In fairness to the CONSORT authors, this predicament was partially anticipated. In the caption to Fig. 1 of the CONSORT guidance, the authors acknowledge that in both these scenarios the “new treatment is significantly worse than the standard.”5 However, the CONSORT authors’ prediction that the scenario occurring in 2% of comparisons (where inferior interventions are called non-inferior) would be “unlikely because it would require a very large sample size” seems slightly off the mark.


Simply calling inferior interventions non-inferior does not fully explain the high rate of non-inferior trials finding non-inferiority. Instead, we also have to look at the delta or margin. The delta or margin is how much worse the new intervention can be to the older intervention before it is no longer considered non-inferior. The easiest way to ensure a successful non-inferiority trial is to pick a very large margin.

The US Food and Drug Administration offers clear guidance on how big the margin can be. The margin cannot be bigger than the benefit that the active control arm has over placebo. In other words, a margin cannot allow a drug that is totally inert to be called non-inferior.6 Moreover, the FDA points out that it is desirable for the margin to be much smaller than the benefit of the active control over placebo. They write a good margin is the “the largest loss of effect that would be clinically acceptable.”6 Aberegg and colleagues show that 58% of margins provide no reason as to why they are selected. Another 17% are vague and non-reproducible, and only 25% provide a concrete explanation. These rates are not acceptable. If the conclusion that a new treatment is non-inferior is based on selection of the margin, clear explication of how the margin was selected is essential.

Consider a recent non-inferiority trial sponsored by GlaxoSmithKline, the makers of pazopanib. In the study, pazopanib was found to be non-inferior on the endpoint of progression-free survival to suntinib—the standard of care—for adults with metastatic kidney cancer. The margin selected was 0.25, meaning that pazopanib could be up to 25% worse. Given that sunitinib only improves PFS 6 months7 over the largely ineffective therapy of interferon, this means that pazopanib may only provide 4.5 months of PFS benefit and still be called non-inferior. In fact, the upper bound of the 95% CI of the delta was an HR of 1.22 for pazopanib. Aberegg et al. found some trials allowed margins as large as 0.25.


Non-inferiority trials only make sense if the experimental therapy is cheaper, more convenient, less invasive, or less toxic than the active control. If a new therapy fails to offer benefit on any of these metrics, testing it in a non-inferiority trial is unethical. Why would anyone want an equally (or more) toxic, equally (or more) costly, equally (or more) invasive, and equally (or more) inconvenient intervention that may be worse than an established alternative? Yet, Aberegg and colleagues find that only 70% of non-inferiority studies explicitly said why the new therapy has an advantage, and in 11% of cases, no advantage could be deduced. This suggests that some fraction of these studies should not have been performed. It is worth nothing that several of the findings of the Aberegg et al. study were confirmed in another recent paper.8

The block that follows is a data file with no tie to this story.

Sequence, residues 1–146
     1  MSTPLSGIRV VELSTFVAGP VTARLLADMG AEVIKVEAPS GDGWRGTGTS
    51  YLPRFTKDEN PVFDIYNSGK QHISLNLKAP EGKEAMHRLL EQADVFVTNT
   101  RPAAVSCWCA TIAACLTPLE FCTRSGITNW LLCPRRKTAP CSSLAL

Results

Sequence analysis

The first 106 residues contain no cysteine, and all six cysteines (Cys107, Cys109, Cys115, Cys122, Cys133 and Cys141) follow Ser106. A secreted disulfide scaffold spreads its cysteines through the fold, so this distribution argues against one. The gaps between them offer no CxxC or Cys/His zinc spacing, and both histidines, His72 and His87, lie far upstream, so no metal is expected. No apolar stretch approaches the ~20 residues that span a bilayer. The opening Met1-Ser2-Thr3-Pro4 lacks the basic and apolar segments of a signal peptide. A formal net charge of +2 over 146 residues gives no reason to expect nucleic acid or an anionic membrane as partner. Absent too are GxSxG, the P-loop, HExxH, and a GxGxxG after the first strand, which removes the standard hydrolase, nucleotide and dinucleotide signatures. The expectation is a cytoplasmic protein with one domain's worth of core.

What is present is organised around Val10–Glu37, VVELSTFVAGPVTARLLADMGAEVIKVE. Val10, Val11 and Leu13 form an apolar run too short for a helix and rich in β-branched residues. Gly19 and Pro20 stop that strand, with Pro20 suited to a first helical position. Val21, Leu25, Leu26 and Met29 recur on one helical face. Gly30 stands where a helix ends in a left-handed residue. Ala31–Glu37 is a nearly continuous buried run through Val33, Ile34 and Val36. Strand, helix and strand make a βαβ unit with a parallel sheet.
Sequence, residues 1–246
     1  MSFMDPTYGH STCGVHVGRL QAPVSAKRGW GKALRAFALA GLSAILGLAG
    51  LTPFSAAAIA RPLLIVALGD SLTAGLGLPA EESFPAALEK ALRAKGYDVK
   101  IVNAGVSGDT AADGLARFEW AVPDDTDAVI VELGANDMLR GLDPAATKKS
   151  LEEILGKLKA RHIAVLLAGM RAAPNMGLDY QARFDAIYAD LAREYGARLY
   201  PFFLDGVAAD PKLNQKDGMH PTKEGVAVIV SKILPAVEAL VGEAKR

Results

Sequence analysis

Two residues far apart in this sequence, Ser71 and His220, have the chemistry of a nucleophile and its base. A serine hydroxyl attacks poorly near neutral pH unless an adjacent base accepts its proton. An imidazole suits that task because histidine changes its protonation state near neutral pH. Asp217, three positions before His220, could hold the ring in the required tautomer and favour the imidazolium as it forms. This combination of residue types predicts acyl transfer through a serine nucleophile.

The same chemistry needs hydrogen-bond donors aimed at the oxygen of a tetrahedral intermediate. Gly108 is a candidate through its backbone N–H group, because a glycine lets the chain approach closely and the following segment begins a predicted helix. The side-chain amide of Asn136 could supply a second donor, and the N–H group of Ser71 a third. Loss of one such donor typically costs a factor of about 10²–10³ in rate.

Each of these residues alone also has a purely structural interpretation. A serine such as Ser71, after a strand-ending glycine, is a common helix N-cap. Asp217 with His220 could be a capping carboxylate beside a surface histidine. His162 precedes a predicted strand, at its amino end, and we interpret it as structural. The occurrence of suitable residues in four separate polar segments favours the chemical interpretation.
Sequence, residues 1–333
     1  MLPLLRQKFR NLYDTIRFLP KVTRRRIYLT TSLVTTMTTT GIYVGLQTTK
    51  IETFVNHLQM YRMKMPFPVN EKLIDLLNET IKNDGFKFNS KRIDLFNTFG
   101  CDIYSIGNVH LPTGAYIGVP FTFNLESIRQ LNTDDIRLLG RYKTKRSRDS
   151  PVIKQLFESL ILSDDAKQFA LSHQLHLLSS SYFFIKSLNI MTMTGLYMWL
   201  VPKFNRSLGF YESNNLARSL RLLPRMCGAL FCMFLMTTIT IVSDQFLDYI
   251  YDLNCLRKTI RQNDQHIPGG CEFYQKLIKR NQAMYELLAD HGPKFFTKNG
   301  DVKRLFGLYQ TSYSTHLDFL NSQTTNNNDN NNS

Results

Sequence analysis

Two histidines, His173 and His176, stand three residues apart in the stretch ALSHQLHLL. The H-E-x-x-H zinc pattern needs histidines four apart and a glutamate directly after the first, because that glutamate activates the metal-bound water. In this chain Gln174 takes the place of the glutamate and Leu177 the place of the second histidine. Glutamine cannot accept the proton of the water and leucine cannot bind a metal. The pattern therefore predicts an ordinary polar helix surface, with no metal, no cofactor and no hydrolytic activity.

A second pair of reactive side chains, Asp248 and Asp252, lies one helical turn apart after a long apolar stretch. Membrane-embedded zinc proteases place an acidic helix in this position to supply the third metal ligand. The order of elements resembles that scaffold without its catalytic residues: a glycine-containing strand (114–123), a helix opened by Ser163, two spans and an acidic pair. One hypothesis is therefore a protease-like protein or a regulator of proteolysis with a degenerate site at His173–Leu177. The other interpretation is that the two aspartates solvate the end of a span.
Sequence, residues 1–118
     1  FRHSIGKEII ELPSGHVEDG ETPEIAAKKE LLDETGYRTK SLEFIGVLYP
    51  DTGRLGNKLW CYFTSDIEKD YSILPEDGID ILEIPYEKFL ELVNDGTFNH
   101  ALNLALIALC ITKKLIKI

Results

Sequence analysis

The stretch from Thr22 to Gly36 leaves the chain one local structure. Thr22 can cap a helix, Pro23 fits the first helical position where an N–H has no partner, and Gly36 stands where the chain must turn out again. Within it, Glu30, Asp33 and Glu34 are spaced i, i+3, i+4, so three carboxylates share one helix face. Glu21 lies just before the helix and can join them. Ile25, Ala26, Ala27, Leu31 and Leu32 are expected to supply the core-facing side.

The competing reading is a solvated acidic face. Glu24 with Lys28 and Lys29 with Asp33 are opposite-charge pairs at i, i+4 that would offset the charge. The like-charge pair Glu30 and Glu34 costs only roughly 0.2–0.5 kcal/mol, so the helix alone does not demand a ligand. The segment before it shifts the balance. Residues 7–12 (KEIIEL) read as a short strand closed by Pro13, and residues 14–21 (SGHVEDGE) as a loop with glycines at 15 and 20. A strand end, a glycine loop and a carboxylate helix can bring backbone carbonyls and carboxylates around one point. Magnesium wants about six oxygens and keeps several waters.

Complementing the current paper, recently Doshi et al. studied informed consent forms from non-inferiority studies of antibiotics leading to EMA approval.9 They found that frequently neither experts in methodology nor patient advocates could identify the purpose of the study from the forms. Just 1/50 studies conveyed the purpose in the eyes of methodologists, and just 7 of 50 in the eyes of patients. These results raise the question of whether consent is truly informed and, if not, whether the trial is even ethical.


For the practicing doctor the paper by Aberegg and colleagues provides an important lesson. Non-inferiority trials are often positive because the margins are chosen for no clearly given reason and because there is an asymmetry in how the trials are interpreted. It is likely many of these trials seek to capture market share rather than answer a meaningful clinical question.

For this reason, we cannot accept the conclusions of non-inferiority trials to guide our practice without close examination. When you read a non-inferiority study, ask yourself: is the new therapy cheaper, more convenient, less invasive, or less toxic than the older one? If the answer is no, read no further. Next, ask yourself how much treatment effect am I willing to lose to have this option? 5%, 10%? Then look at the margin tested. Finally, ask yourself if the intervention was actually inferior. Abbegg and colleagues should be congratulated for performing a rigorous empirical evaluation that forces us all to think more about non-inferiority trials.


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Dr. Prasad is funded by the Laura and John Arnold Foundation to Study Low Value Practices.

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Correspondence to Vinay Prasad MD, MPH.

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Dr. Prasad receives royalties from his book Ending Medical Reversal.

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Prasad, V. Non-Inferiority Trials in Medicine: Practice Changing or a Self-Fulfilling Prophecy?. J GEN INTERN MED 33, 3–5 (2018).